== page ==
More important thing, though, is this one. This is the presidential preference ballot. And this is what is going to be stuffed into the boxes that are up front when they do the voting. Before that happens, though, there will be speeches from people who are representing the candidates, kept to five minutes apiece.
And then people have an opportunity to talk with their neighbors and then they will be putting these ballots into the boxes and eventually, they'll be telling them, they will count. Let me show you one final thing, Wolf. Look at the size of this crowd now.
And, literally, this has happened, I would say, in the last five or six minutes, the line has grown. They're expecting maybe as many as 150 people.
An interesting thing that they did, because they wanted to keep the neighborhood grassroots feel that is so important to the caucuses, they removed a lot of the chairs that would normally be here. They want not as many chairs as the people because they want people to mingle and talk and have conversations about the candidate that they're supporting so that even though they're in a big, giant space, they keep the homey feel that they think is so important to the caucuses -- Wolf.
BLITZER: And representatives of the candidates will speak before they actually vote in Clive, is that right, Soledad? O'BRIEN: That's right. They've been limited to a very tight five minutes. And I've been told that they will be yanked off the stage when they get beyond five minutes. But they're expecting to hear from every representative of the candidates for five minutes before people are allowed to then come up, put those ballots in and vote.
BLITZER: We're going to hear what they have to say. Soledad, thanks very much.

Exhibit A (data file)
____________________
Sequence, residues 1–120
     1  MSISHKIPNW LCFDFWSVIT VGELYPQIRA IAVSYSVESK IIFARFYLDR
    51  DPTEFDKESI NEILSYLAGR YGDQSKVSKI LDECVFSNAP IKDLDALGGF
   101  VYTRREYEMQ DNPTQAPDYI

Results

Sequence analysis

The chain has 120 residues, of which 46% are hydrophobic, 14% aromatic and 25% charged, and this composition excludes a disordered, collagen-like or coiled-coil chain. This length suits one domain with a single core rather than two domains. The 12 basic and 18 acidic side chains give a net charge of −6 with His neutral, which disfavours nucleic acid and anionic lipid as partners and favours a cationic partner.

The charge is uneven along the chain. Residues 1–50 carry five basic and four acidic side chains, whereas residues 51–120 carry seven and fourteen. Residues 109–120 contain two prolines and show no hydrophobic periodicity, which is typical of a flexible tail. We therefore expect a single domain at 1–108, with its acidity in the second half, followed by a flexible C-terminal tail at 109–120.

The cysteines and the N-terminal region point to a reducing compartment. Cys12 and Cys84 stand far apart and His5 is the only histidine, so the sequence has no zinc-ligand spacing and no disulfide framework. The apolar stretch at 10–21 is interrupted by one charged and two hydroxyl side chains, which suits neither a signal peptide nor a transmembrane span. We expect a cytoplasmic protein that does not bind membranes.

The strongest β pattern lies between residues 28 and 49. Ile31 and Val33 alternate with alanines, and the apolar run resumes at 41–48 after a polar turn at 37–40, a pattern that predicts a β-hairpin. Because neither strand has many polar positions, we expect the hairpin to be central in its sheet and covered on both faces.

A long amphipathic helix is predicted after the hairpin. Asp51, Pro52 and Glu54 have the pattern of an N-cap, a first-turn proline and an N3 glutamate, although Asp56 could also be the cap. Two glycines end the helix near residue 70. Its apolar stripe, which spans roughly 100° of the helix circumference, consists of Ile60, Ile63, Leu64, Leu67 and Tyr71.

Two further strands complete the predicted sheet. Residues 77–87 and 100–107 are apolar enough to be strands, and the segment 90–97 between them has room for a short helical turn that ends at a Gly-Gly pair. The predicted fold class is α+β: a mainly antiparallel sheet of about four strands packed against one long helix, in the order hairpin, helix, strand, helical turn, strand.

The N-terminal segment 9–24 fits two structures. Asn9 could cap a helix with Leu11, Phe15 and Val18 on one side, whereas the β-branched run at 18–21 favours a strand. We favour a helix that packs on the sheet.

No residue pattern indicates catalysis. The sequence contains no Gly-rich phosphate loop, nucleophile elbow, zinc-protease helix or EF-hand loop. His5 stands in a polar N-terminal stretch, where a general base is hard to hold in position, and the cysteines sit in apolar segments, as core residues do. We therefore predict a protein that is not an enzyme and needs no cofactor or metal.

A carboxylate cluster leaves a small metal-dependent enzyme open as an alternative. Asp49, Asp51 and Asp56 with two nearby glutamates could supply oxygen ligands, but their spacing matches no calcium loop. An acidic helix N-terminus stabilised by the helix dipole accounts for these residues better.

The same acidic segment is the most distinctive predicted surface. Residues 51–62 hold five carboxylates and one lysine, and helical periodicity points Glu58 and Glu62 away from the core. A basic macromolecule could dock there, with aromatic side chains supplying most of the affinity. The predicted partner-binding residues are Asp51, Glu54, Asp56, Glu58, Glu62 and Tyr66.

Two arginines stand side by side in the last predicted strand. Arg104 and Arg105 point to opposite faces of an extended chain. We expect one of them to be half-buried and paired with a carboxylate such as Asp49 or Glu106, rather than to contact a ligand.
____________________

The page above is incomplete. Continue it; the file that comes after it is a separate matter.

Let's go over to CNN's John King who's over at the magic wall for us.
John, give us a little flavor of what we're going to be doing, what we should expect to see in the course of this evening.
JOHN KING, CNN CHIEF NATIONAL CORRESPONDENT: Let's pick up off of what Soledad just said. She said she was in the West Des Moines suburbs. That's right here. That's right here.
See that dark red, this is four years ago. That's Mitt Romney. So, if Mitt Romney does well where Soledad is tonight, that means he's at least to replicate what he did four years ago.
Now, that wasn't enough, Wolf. Four years ago, Mike Huckabee at 35 percent, Mitt Romney 25 percent. Because of all this orange in the middle, those are your small town. That's where Peter Hamby is, small town, evangelical Christian conservative, Tea Party Iowa.
Let's wipe out the map from four years ago and let's come forward. This is why we're so excited. The first votes tonight, they begin to fill in this map. And you'll watch it happen live. These colors will change as the vote results come in.
Why does this matter? Because we're going to look at a number of things. One of the things we're going to look at, we've talked about this a lot, the evangelical vote. The darker the area of the state, the higher percentage of voters who define themselves as evangelicals or born-again Christians. This was the biggest spliced four years ago. That's why Huckabee won.
Will they turn out in as high numbers this time? Will other Republicans turnout, will the evangelicals, despite their numerical numbers, have the same percentage of the vote? That's a huge question. It's very important.
The evangelical slice, Wolf, is important. And throughout the night, we'll also show you the Tea Party vote, and the more traditional Republican establishment vote. It's not just about how many Republicans turn out tonight. It's which piece of the party they come from.
BLITZER: You know what? Michele Bachmann is speaking at Cedar Falls, to the folks out there. Let's listen in briefly.
REP. MICHELE BACHMANN (R), PRESIDENTIAL CANDIDATE: -- after generation has sacrificed for us, including our military, including our veterans. My father signed up to serve honorably in the United States Air Force here in Black Hawk County. It is for them. It is for their memory that we are here tonight, because we are here to reclaim the greatness of this country.
We are unwilling to allow Barack Obama to implement socialism in the United States of America. That will not happen on our watch. We won't let it.
That's why as a member of Congress, I stood up against Obamacare. I stood up and was counted, and led 40,000 Americans to Washington, D.C. to say no to the crowned jewel of socialism which is socialized medicine.